An vital consideration once you start receiving offers is which brands and companies do you truly believe in? Sponsorship is not free - it is a symbiotic relationship between athletes and the companies for which they fly the flag. Entering into an arrangement with someone simply because you received an offer is perhaps not the wisest course of action. Would this be your first choice if you were paying full price for it? It is much more satisfying and easier to do a good job of representation if you truly believe in something and value it higher than its competitors.


    Image by Joel Strickland

    Giving Back
    There are quite a few ways that you can do for your sponsors. Try to cover all the bases.
    Wear the T-Shirt and Be Nice: Few things have as positive an effect as a direct conversation in which you can be passionate about your support. Equally important: Don’t be a dick.
    Everyone Sees Everything: Even if they pretend they do not. Social media activity has become an important part of how manufacturers market themselves, so learn the hashtags and whatnot and use them.
    Writing: If you are handy with language there are many outlets for quality work. Producing informative and entertaining articles will earn you some scope to promote yourself. You can be both subtle and not-subtle.
    Events: Organising or attending events as a team can provide many opportunities. Again: Few things are as good as actually being there and talking to people.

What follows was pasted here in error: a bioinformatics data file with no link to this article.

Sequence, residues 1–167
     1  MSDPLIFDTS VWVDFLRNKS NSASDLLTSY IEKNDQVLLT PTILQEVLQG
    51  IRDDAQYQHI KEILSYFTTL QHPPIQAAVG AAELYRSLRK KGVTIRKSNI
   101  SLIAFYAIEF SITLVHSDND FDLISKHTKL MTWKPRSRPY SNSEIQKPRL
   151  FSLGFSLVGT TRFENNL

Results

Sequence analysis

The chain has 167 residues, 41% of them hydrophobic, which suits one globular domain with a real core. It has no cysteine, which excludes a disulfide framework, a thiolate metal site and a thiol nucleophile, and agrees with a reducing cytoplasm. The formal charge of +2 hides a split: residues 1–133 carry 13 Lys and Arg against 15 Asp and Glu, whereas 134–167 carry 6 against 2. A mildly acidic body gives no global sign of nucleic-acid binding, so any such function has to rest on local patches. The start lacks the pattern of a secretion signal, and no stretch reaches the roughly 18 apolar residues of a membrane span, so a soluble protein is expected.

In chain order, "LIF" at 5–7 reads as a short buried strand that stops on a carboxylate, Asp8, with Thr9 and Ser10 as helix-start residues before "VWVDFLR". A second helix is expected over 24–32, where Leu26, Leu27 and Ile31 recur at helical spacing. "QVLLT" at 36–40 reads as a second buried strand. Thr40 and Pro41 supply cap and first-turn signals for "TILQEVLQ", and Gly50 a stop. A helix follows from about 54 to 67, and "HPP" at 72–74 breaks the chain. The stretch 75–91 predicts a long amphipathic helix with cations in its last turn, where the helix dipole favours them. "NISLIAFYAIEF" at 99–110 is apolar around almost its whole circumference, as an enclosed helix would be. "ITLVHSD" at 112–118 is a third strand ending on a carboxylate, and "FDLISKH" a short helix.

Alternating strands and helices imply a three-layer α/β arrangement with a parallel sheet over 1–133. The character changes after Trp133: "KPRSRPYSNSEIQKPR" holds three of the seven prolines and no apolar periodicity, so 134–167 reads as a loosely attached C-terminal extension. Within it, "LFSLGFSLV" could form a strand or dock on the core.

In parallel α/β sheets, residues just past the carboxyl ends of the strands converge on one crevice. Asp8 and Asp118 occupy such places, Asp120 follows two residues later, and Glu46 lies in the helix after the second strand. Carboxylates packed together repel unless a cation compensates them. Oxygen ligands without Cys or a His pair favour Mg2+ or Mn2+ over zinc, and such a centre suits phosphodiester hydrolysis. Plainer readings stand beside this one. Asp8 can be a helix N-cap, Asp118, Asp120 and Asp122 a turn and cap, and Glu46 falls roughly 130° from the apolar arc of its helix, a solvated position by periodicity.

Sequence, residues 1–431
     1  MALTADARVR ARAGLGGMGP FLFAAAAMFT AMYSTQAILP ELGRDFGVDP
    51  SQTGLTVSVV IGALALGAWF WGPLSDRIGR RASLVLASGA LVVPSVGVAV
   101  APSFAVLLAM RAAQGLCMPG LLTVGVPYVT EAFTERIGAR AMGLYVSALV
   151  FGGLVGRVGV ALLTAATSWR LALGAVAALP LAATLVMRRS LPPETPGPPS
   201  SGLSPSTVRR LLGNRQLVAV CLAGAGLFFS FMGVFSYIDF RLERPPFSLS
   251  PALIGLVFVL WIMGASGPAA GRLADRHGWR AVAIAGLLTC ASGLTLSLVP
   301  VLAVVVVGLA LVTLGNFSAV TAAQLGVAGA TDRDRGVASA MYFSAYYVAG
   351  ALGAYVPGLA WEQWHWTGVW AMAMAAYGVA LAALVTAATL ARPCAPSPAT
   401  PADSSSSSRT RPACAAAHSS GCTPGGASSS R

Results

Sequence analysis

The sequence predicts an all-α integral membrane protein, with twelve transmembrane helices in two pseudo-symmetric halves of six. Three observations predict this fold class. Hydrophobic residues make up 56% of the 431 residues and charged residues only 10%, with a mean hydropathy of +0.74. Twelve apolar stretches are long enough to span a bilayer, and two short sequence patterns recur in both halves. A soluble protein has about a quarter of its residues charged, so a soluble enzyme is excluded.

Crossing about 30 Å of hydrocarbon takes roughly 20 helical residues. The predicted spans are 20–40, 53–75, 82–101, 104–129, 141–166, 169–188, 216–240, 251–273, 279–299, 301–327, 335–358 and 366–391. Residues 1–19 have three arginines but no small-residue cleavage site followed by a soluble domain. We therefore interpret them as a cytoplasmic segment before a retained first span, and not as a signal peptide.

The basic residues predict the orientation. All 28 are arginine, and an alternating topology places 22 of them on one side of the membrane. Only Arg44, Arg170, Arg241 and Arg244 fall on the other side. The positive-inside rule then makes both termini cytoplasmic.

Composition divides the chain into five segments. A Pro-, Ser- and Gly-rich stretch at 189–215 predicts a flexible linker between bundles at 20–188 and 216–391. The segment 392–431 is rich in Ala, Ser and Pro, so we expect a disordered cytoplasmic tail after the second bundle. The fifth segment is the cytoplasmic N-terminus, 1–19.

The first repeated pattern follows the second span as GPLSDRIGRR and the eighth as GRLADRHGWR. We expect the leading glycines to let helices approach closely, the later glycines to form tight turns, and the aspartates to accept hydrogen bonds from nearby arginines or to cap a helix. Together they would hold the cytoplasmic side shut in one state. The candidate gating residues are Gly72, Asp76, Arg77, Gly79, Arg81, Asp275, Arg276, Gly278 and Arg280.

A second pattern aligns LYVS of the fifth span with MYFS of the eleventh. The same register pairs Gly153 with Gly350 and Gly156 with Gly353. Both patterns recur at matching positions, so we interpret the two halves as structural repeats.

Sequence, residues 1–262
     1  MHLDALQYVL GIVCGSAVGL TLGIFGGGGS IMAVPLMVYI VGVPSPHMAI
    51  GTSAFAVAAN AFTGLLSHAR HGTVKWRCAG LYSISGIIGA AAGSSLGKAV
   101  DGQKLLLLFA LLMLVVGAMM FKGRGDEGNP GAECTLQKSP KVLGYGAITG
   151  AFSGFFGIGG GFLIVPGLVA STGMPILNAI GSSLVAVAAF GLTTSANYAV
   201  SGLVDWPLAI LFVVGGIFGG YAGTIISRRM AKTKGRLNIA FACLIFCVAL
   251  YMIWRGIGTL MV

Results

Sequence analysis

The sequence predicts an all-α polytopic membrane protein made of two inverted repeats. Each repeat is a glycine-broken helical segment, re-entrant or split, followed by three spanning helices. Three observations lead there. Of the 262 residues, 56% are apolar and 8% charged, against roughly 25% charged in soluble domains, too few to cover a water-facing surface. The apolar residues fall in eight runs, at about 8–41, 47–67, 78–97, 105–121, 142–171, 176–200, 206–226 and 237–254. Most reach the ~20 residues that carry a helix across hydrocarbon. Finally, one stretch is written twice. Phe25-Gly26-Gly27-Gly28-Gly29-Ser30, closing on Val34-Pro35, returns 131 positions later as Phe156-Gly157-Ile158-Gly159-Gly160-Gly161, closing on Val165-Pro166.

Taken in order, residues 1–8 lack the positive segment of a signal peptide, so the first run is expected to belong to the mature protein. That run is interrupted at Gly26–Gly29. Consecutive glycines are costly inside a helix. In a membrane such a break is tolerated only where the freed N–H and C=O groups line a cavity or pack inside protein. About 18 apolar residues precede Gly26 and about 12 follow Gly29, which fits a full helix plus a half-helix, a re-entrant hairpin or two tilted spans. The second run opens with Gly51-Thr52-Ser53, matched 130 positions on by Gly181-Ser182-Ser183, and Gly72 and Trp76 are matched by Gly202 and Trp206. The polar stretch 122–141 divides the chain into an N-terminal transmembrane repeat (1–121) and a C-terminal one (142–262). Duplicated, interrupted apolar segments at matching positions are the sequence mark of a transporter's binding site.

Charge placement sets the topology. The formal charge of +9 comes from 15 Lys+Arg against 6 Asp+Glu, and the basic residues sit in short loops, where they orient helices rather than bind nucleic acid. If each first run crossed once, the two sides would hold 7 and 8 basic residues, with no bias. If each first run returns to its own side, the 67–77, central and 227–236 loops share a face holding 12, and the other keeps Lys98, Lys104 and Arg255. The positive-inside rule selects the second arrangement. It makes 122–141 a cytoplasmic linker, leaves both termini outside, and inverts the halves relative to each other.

Always Thank Your Sponsors: Try to individualise it bit as well. It is well known that a Cypres unit will save your unconscious ass or that Larsen and Brusgaard have the best customer service on earth. What else have you got?
    Sponsorship is an important part of the skydiving world. Acting as a member of a professional team is long on spending and short on financial reward - so any help you can attract might keep things going. Strong relationships between sponsors and athletes also helps to raise the profile of skydiving around the world - pushing skills forward via events and competitions that ultimately attract more people to the sport.
    Joel would like to thank:
    Both Sandra and Vlady at Vertical Suits for their endless patience with an overly fussy freefly team and their obsession with every tiny little detail.
    Miska at the Hurricane Factory for her unerring accuracy and ability to decipher ramshackle emails about tunnel sessions (in her second language).
    Everyone who has a part in designing and constructing Icarus Canopies - providing me with the confidence to pack in the landing area under a standard that ranges from poor to awful directly relating to the indeterminate amount of time it takes the tandems to get on the bus.

    By admin, in General,

    Skydiving For The Unlucky In Lung

    How To Jump Smart When You've Got Asthma

    Photographer: Wolfgang Lienbacher

    Ah, the sky: the beautiful bubble of air that surrounds us all in a breezy embrace.
    But what if your lungs have a troubled relationship with that air? If you’re an asthmatic and getting into skydiving, you’re facing a substantial--but surmountable--challenge.
    You’ll be happy to hear that you’re not the first to square up to the sky with flimsy airbags. Many asthmatics are successful sport skydivers. In fact, some studies show that exposure to high altitudes can even improve the lung function of people with asthma. (Ha! Take that, haters.) That said, you need to check off a few boxes on your way to the plane. Here’s a quick tipsheet.
    Get your doc’s signoff.
    If you want to be a serious sport skydiver, your asthma must be stable and under excellent control. Don’t take your own word for it, either--speak to your doctor about it. Your doctor will need to confirm that your peak flows (or spirometry) should be close to the normal range. This can be quite discretionary stuff, so get a second opinion if necessary. Unfortunately, severe, persistent asthma and skydiving are not a good mix.
    Know where your meds are.
    It’s rule number one for you in your landlubber life, and it remains rule number one in the sky: you must know where your meds are at all times.